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Peck: CAPS is under-funded, here’s why


Redfern Medical Center will be offering more telehealth services with MUSC in the coming weeks and months.

Clemson’s Counseling and Psychological Services has a reputation on campus for its extreme wait time. Many students find themselves waiting a month or longer for appointments which can yield little result. Students find this frustrating as many of the issues they hope to discuss affect their quality of life, and the delay forces them to persist unaddressed.
Though the saying goes, “money can’t buy happiness,” perhaps there is reason to believe Clemson divulging more money into the CAPS program would make for a happier, healthier campus. 
In this year’s University budget report, Student Services is defined as “program expenses contributing to students’ emotional and physical well-being.” This section of the University budget is where we will find the funding for the CAPS program.
The total University budget proposed for the 2022-2023 academic year was 1.7 billion dollars. Of this total, Student Services is set to receive about $68 million, or just 4% of the total budget for the school year. It is also important to note that CAPS is not the only program encompassed in the Student Services category, so it will not receive all of this money.
Less than 4% of the total budget seems low for the category that protects student mental health, especially with what we have learned about college students’ mental health in recent years.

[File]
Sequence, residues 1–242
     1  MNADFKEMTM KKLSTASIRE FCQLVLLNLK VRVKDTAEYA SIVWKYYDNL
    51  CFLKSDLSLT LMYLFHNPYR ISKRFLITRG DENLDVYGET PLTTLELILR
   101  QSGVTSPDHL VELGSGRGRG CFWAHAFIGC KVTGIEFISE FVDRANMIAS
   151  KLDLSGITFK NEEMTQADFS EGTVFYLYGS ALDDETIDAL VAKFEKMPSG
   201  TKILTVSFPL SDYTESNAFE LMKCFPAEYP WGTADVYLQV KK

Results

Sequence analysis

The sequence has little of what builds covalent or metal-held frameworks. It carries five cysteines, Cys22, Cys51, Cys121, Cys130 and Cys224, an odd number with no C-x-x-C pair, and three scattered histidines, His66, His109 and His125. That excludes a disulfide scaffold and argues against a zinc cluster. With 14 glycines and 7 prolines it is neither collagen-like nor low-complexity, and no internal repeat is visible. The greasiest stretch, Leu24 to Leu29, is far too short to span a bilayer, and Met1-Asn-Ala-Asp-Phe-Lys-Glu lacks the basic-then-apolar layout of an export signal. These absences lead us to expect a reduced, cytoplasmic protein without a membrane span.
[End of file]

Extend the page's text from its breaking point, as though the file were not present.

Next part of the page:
In 2019, the American Institute of Stress reported that three of four students enrolled in college have had feelings of overwhelming anxiety. Though not every student will go seek help from the CAPS program, all Clemson students should see it as a viable option.
If we take three out of four students of Clemson’s entire student body, or about 27,000 students, we get just above 20,500 people that may seek help from the CAPS program.
Currently, Clemson only has nine licensed counselors or psychologists working as CAPS providers, and four more that are currently unlicensed, according to the CAPS contact page. The ratio of students to CAPS providers is incredibly low, with over 2,000 students per licensed counselor. This is clearly an unrealistic amount of people to treat if all of the student body was in need of this resource.
Though this is a worst-case scenario for Clemson, it is not entirely out of the realm of possibility with the effects of underfunding already starting to show themselves. There are many students on campus that know the infamous wait times of the CAPS program and will avoid it like the plague.
Rather than seeking the help that is necessary, people find themselves bottling their emotions and not acknowledging their need for help. If Clemson were to allocate more money to the CAPS program, more counselors could be hired, more students would be seen, and this line could shorten significantly.
Ideally, this problem would not have to be addressed. Students would not find themselves stressing over workloads, social lives, money and any other issue in their lives. But that is not the world we find ourselves in. People have countless problems on a daily basis, and the CAPS program was put in place to guide people out of their toughest challenges.
It is not hard to believe that a future where CAPS is quickly accessible to students is in sight. With more funding to a program dedicated to student health, Clemson University could be a safer and happier place.
Natalie Peck is a sophomore communication major with a minor in political science. She is from Myrtle Beach, South Carolina and enjoys taking day trips to places she’s never been before.

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